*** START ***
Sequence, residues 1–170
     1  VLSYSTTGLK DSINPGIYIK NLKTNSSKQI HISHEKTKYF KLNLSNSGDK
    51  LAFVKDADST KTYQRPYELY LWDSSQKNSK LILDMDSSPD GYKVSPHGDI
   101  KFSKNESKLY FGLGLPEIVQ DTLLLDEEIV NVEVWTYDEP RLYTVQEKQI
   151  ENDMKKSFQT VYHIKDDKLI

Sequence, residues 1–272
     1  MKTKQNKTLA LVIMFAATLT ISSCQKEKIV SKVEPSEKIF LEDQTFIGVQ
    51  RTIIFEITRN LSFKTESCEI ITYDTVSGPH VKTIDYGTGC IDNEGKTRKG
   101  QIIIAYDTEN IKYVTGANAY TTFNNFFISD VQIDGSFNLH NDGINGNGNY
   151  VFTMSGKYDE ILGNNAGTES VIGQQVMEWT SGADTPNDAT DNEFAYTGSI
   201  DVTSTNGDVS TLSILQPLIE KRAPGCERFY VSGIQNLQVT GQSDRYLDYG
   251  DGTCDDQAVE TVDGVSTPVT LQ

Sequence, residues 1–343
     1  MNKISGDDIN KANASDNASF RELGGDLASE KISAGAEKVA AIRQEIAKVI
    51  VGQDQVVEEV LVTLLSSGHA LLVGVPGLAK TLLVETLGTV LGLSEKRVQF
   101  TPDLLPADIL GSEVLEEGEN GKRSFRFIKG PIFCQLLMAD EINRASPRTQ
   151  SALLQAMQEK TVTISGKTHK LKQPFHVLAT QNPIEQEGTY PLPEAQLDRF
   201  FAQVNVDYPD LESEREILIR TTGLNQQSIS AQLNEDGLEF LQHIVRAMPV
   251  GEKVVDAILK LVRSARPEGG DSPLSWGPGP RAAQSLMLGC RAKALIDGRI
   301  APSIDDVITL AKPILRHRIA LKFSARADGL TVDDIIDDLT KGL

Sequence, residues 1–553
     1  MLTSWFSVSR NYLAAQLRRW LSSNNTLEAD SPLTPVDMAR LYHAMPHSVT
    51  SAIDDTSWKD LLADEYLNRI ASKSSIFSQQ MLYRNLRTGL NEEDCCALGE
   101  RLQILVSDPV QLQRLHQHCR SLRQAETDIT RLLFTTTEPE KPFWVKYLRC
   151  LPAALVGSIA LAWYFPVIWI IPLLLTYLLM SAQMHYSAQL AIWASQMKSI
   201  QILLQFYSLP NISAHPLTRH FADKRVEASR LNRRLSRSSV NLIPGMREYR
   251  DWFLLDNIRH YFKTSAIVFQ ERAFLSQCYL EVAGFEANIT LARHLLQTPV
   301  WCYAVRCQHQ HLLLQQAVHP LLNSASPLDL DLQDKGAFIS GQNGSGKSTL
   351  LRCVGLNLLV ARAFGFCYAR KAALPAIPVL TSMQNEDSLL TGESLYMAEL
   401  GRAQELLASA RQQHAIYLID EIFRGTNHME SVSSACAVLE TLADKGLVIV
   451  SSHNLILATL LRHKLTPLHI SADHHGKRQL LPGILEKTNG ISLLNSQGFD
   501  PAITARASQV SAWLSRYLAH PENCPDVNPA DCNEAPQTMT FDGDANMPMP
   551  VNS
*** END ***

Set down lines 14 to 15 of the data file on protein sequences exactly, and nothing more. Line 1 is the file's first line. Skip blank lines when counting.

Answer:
     1  MNKISGDDIN KANASDNASF RELGGDLASE KISAGAEKVA AIRQEIAKVI
    51  VGQDQVVEEV LVTLLSSGHA LLVGVPGLAK TLLVETLGTV LGLSEKRVQF